by Gaither Stewart
3 March 2009
Rome Diary: March 2009 Update—Fascist Times In The Land Where Lemon Trees Bloom
“Tottering Steps Along The Rim Of Fascism And Revolution”
(Rome) ISTAT, Italy’s Statistical Office, has announced that for the first time the nation’s population has passed 60,000,000. The disconcerting reality behind the statistic is that while Italy ages and Italians produce less children, immigration is providing the growth of the nation that until a few decades ago was an emigration country and Italian workers spread over north Europe. Today, as usual, immigrants do what Italians don’t. Over 1,000,000 Romanians are in Italy today, followed closely by Albanians and Moroccans. Immigrants make front page news. Usually negative news. Not a day passes that foreigners (until the crisis immigrants were the manpower necessary for Italian industry), are not accused of nefarious crimes.
After any crime the rule is cherchez l’étranger. Police immediately accused an Albanian gang for a series of nocturnal burglaries in houses and apartments near me. Statistics showing that proportionately Romanians commit more crimes—robbery, rape and prostitution—are regularly headlined. Moreover, the Romanian government itself is accused of sending its criminals abroad. Ditto for Albanians, who were the crime leaders until not long ago. In general, illegal immigrants prefer the chaos of Italy where they can easily evade the law.
SECURITY AND POPULISM
It is a piece of cake for the populist, authoritarian regime of Silvio Berlusconi to gain accolades from public opinion for a political platform based on security. Concerning immigration and crime, the issue today is, who is to guarantee public security, police, the military or the people themselves.
Two extremist components of the Berlusconi regime coalition, Rome proto-Fascists of the neo-Fascist National Alliance and the Green Shirts of the folkloristic Northern League, have organized bands of vigilantes for do-it-yourself security patrols against foreigners in general and against clandestine immigrants and the homeless in particular. Incited by xenophobic mayors in north Italy and the ministers of Berlusconi’s increasingly extremist government, so-called “ronde” (literally “rounds”, that is, squads) carry out exemplary beatings and even killings in the name of “security”, allegedly acting in response to popular demand or the “fury of the people”.
Despite objections of the police itself, the consternation on the part of some of public opinion, of opposition parties and liberal media, an inconstitutional government decree has legalized the vigilantes. Not only the police object to the vigilantes but also the Catholic Church.The government claims that citizens are organizing themselves militarily within a “people’s plan for control of the territory.” That is, a kind of Homeland Security conducted by private persons in a new Italian “participatory security system.”
Meanwhile, a series of new laws or law bills call for separate school classes for foreigners. Rudimentary immigrant camps of tents and shacks are methodically destroyed. Locks are placed on the gates of gypsy camps. Doctors are encouraged to denounce clandestine patients. The demand for chemical castration of rapers spreads. In sum, a social purge of undesirable elements (gypsies, Romanians, Albanians et al) is underway. Heard on a daily basis that rings ominous and familiar. Remember the racial laws of Nazi Germany and Fascist Italy?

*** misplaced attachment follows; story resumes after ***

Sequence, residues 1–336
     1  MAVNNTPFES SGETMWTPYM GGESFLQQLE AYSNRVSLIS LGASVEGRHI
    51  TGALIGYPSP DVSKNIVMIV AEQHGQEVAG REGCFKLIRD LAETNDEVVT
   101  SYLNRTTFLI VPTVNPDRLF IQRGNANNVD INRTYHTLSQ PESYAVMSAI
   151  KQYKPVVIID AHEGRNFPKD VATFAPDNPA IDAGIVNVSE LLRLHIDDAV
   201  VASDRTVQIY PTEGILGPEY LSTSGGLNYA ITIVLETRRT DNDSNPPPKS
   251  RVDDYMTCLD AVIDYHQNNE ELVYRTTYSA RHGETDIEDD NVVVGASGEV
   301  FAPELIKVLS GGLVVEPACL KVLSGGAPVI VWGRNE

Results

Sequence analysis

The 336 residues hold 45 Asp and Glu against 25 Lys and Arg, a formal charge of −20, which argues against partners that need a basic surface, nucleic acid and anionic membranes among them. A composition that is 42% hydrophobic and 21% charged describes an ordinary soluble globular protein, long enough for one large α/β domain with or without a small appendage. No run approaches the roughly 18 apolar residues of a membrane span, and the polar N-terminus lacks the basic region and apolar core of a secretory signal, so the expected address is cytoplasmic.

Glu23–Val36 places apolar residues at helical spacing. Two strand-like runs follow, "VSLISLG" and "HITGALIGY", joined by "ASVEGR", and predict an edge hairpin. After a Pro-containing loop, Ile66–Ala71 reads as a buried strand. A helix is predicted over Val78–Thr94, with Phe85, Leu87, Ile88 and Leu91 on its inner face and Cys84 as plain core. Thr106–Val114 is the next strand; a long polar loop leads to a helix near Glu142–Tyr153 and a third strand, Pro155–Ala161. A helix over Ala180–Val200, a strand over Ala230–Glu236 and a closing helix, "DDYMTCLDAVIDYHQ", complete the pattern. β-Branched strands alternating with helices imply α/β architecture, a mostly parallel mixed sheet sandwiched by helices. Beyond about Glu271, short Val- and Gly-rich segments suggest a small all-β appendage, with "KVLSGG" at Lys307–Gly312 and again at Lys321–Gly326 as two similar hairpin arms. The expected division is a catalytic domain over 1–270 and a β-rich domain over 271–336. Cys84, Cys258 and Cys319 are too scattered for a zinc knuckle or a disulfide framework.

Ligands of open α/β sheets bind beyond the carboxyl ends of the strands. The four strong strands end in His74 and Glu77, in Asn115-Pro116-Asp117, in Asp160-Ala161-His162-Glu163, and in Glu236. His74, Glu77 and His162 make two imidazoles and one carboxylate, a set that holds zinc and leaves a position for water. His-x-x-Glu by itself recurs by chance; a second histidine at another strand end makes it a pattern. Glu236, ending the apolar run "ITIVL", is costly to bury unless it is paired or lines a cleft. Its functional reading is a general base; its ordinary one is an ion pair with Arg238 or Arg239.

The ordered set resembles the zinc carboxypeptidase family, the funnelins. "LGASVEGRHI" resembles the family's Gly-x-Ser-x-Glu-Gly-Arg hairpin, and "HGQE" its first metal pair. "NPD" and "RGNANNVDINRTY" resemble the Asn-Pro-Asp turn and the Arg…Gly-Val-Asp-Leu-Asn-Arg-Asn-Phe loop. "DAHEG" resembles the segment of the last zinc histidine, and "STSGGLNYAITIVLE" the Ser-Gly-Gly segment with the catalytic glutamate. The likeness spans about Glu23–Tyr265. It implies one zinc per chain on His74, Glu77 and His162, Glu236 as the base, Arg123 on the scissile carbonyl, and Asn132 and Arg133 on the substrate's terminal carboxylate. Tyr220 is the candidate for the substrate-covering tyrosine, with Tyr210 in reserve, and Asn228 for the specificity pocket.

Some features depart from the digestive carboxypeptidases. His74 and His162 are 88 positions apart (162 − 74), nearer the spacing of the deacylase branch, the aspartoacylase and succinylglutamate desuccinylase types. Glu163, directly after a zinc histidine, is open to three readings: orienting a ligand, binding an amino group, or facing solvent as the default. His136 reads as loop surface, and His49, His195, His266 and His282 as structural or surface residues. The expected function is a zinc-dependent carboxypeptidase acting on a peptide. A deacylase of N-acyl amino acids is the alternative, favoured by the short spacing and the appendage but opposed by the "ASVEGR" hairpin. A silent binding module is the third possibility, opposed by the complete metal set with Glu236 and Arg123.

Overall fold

In its determination to control everything, the populist-authoritarian-Fascist Right deliberately magnifies the perception of insecurity in Italy, artificially ignited or sustained by regime policies. Then, its most radical components fan the flames. Familiar Fascist words have returned to the popular vocabulary—patrols, house searches, squadracce for squads (the old Fascist word), ronde—which turn into a nightmare under Fascist regimes. In these new militias violent neo-Fascist, neo-Nazi volunteers (often ex-policemen and military men) and government leaders meld. No doubt about it, these are Fascist times in the land where lemon trees bloom.
In a recent talk show a Romanian journalist said to a Northern League Senator wearing the symbolic green tie and green jacket pocket handkerchief of that folkloristic xenophobic party, “We once got to know your Ronde, they were called Securitate.” Unfazed by being compared to the vigilante squads that terrorized the criminal regime of Ceausescu in Romania, the Green Senator answered, “And in those times there was a lot less delinquency in Romania.”
As history shows over and again the actions of ronde do not end with thieves and rapers. The squads of vigilantes under Mussolinian Fascism were the squadracce which today appear as harbingers of an internal war in Italy. This late winter no day passes that new attacks on the defenseless are not reported. While government spokemen underline statistics of the violence committed by Romanians, Albanians and Moroccans, government drums relentlessly beat an anti-immigration message, gypsy camps are raided and sleeping homeless beaten or even torched.
Meanwhile the Berlusconi government plays down the new realities. The ronde will NOT be armed as first proposed. The ronde are merely symbolic, the government backtracks. They will have no real effect on public security. Yet, extremism and violence prevail in workers districts of the big cities and across the poorer South. Already the reduction of social services for legal, tax-paying immigrants is underway. Foreigners are also the first to lose their jobs in the economic crisis. The return of Mussolini’s racial laws are no longer around the corner, they are here.
In these days the north Italian city of Padua witnessed a satirical burlesque-like ronde episode. Vigilantes of ronde bearing party identities, one of the Northern League, the other of the neo-Fascist National Alliance, appeared at the railway station, escorted by police. In turn, the police was escorted by the militarized Carabinieri, and the Carabinieri by the financial police. In addition there was one ronda of non-European immigrants out to defend themselves against one and all, sustained by groups of anti-ronda protesters, and reportedly more journalists and cameramen than vigilantes. The result was a lot of squabbles and fisticuffs in general.